This is a photograph that must have been taken in the very early 80’s. That’s my brother and me in front of the Christmas tree on Christmas morning, amidst the pile of toys and treasure that Santa brought the night before. After thinking back on holidays past, and present, I realized just how much my brother has been a part of them. Growing up, he was my one constant companion, and until we diverged in adolescence we were quite close.
Like so many Ilagans, we have our flaws, and sometimes I think they were tailor-made to be the very things that antagonized the other the most, but somehow we managed to remain as close as brothers can. No one else has had the same exact experience of growing up – only my brother and I know what it was really like being raised in our home. Even Suzie, who in many ways knows more about me than my brother does, isn’t fully aware of what went on in the Ilagan house. That’s something only my brother and myself share. He is the one single person in the world who inhabited that childhood with me. Even our parents, who were there, can never really know what it was like for their kids. It is an unbreakable bond, a source of understanding that we carry with us for the rest of our lives. I suppose it’s the same for most brothers and sisters.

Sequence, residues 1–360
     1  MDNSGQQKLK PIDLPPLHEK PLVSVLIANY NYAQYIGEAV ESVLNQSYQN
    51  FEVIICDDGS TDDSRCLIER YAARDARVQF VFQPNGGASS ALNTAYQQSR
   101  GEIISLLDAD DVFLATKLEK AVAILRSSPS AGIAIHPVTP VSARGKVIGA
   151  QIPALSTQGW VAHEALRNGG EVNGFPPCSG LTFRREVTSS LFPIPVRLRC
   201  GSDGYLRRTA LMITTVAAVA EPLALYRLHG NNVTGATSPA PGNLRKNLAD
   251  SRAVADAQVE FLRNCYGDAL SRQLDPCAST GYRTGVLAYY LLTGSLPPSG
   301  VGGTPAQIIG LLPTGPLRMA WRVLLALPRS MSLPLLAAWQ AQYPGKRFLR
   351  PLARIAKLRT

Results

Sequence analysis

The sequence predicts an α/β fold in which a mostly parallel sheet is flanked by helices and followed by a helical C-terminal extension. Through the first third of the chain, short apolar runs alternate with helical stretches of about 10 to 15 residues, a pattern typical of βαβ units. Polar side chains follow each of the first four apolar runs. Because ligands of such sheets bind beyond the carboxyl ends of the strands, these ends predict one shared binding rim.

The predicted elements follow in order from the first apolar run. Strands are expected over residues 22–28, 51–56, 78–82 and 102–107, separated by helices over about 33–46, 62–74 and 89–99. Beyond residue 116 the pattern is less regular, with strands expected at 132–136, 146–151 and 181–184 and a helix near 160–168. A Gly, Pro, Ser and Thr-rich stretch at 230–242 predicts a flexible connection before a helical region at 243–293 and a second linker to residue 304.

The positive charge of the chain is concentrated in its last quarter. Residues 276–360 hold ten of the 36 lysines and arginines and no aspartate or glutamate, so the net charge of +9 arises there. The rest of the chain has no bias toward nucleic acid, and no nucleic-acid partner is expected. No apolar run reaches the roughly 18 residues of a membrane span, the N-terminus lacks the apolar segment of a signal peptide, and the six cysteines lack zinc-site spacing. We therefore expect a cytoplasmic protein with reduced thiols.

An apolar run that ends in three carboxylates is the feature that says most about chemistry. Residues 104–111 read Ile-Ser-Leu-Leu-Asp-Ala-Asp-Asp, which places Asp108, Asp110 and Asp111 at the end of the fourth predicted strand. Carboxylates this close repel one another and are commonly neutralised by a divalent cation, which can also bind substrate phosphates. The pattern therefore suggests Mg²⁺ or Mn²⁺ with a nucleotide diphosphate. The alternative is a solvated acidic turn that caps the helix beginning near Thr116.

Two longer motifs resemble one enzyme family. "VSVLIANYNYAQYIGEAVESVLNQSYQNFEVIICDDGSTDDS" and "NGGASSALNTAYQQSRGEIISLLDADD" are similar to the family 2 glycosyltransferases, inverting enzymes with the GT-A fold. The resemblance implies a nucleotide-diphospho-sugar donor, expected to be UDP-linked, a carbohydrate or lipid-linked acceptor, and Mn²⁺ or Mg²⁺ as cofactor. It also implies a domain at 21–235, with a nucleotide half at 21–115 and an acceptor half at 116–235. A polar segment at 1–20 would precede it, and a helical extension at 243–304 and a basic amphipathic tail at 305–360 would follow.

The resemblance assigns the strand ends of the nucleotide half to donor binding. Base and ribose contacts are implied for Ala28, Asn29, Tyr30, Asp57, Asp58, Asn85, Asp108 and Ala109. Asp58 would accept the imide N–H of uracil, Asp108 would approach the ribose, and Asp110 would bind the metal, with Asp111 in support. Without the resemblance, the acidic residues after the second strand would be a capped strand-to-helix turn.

Every home is distinctive, each has its own quirks and foibles, and because of that no one other than the participants themselves ever has a real inkling of what really goes on. Most siblings have their growing pains, and like any two brothers close in age we had ours. At times adversarial, competitive, cruel, and mean – and alternately kind, comforting, caring, and loving – the ties of one brother to another run the gamut of emotions. I counted on my brother for all of it, the good and the bad, and I gave just as well, and as badly, as I got. Through it all, though, we shared the love of one brother for another.
This was family. This was life. This was the way the world had always been, and will continue to be. We may get older, and hopefully a little wiser, but we’ll always be those two mischievous Ilagan boys, united in blood, bonded by circumstance, and joined in a history that cannot be rewritten. For that I am thankful.Back to Blog